Ride over we headed to bike friendly cafe and sat outside and set about replacing all those lost calories. I went for the 'Llandegla Ranch Burger', Charlotte and Jessica went for cake followed by chips!


After lunch we has the opportunity to chat with Ian, director of Oneplanet Adventure who run all the facilities at Llandegla. It is always good to find out how other centers operate and to share experiences. Despite Llandegla being a private forest and run by Oneplanet it was remarkable just how similar our experiences were. It was great of Ian to take the time to spend time chatting with us and hopefully we'll keep it touch and continue to share ideas with each other in the future.

Before heading home we went for another look at the skills loop (due to open soon). It looked pretty good and maybe something for us to think about in the future. We'll have to come back and do more 'research' when it is open.

Despite the bank holiday traffic the journey home wasn't too bad helped by Radio 1s eclectic playlist. I think this is the first time I've ever made it back form Wales without falling asleep. Um bop...

Jessica (aged 9) & Rob (aged ???)

Sunday, 30 August 2009

Bank Holiday Madness Part 2 (Trail Building 30th August)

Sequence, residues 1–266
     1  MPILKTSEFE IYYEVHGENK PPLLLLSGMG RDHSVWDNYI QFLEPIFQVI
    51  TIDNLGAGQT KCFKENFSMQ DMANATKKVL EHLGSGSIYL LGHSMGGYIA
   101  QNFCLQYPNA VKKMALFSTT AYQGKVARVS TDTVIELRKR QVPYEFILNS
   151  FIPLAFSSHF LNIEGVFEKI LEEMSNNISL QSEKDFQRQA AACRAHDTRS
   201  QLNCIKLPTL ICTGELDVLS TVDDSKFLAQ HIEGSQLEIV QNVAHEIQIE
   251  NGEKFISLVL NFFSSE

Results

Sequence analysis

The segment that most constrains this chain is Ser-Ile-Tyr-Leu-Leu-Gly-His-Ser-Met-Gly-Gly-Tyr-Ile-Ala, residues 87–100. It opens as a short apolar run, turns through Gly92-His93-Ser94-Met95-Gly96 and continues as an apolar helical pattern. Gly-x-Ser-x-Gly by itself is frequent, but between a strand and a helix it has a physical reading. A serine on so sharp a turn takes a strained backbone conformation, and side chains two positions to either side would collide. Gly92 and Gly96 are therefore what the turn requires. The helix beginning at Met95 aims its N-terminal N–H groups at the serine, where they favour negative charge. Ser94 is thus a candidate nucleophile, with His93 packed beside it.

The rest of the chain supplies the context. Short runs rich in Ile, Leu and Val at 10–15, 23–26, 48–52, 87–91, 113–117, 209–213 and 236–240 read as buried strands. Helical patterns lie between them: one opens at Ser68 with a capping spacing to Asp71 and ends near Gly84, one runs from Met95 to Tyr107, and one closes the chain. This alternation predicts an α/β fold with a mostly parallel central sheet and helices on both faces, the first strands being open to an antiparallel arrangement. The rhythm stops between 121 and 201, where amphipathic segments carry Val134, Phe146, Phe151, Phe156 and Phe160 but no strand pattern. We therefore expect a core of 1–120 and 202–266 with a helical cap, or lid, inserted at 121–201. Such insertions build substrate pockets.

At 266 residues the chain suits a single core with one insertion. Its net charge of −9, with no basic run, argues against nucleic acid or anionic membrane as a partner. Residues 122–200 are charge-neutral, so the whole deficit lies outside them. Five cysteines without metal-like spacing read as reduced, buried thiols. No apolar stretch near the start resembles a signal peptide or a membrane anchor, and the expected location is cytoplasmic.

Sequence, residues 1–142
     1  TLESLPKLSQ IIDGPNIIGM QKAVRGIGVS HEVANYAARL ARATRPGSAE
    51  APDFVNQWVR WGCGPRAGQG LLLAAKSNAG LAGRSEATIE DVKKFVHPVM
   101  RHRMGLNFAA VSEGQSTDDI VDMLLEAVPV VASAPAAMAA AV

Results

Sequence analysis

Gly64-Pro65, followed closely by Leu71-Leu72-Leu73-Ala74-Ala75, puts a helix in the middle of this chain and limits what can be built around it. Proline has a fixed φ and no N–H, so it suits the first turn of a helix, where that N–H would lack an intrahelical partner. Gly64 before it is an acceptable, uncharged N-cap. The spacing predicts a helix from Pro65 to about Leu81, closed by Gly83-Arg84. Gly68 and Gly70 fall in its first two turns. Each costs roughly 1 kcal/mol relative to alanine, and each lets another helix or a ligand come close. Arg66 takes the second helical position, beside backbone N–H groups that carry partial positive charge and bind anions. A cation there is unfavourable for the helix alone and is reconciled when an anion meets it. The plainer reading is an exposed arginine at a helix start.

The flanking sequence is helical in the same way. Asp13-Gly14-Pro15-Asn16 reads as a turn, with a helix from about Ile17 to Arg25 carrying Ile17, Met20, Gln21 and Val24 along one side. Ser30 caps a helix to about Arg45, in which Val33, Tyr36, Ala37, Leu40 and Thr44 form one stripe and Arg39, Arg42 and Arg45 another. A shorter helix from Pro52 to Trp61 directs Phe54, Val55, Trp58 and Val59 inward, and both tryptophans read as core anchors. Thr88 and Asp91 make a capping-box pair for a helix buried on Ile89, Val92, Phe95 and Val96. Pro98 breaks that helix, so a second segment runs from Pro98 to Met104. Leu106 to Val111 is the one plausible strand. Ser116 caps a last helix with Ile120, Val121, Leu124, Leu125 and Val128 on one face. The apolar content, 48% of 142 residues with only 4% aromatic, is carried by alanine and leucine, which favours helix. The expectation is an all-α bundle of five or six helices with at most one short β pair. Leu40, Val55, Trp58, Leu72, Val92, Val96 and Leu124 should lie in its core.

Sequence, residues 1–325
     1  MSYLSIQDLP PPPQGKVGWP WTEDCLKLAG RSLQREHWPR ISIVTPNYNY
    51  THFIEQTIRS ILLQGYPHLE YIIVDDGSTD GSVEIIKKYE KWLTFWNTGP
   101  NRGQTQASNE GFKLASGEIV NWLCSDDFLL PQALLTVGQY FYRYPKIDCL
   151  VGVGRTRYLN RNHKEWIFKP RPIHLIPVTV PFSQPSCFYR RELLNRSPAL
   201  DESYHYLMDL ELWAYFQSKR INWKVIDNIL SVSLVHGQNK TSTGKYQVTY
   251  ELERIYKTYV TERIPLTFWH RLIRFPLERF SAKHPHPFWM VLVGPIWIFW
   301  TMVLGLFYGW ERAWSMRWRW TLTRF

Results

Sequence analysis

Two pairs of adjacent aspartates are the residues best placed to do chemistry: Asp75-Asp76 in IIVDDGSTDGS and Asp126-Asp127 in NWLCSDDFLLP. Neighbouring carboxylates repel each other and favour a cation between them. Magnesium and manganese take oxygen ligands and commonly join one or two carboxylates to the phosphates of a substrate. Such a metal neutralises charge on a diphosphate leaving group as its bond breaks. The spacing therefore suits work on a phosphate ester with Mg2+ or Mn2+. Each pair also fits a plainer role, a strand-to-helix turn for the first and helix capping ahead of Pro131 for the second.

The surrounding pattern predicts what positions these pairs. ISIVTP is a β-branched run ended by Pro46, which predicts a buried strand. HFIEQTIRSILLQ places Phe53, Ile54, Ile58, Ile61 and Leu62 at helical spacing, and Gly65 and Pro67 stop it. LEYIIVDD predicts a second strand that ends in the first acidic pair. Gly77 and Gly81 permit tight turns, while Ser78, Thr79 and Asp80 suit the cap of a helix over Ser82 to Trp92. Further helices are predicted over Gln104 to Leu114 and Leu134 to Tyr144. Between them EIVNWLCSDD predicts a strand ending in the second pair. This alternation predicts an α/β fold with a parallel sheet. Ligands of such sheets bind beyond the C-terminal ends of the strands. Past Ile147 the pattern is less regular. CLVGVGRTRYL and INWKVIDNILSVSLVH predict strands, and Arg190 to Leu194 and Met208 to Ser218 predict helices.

Cliffs, Trees and Logs written by Charlotte

Today we Trail Builders were brashing off the Lower Cliff section of Phase Two due to a motorbike rider who cleverly found a way in to the section. This time it was not all of the usual team as Alex, Ian and Andrew were away, so it was just Rob, Martin, Bruce, Frank, Steph, Dominique, Jez, Dave, Petra, Jess and I who arrived. Dave, Jez, Petra, Jess and I carefully made our way up the wrong way of the section (oops) and met everyone else at the top that had piled into the two land rovers. Rob, Jez, Dave, Steph, Jess, Petra and I was to knock a round of wood on each side of the trail and leave a half round lying in the middle of them all the way down the trail. Dominique came down the trail putting lovely blue netting up across it as well. Frank and Bruce were nailing the half rounds that we had put down to the wooden poles we had knocked in (so if anyone managed to get through the brash the rounds and half rounds would soon put them off).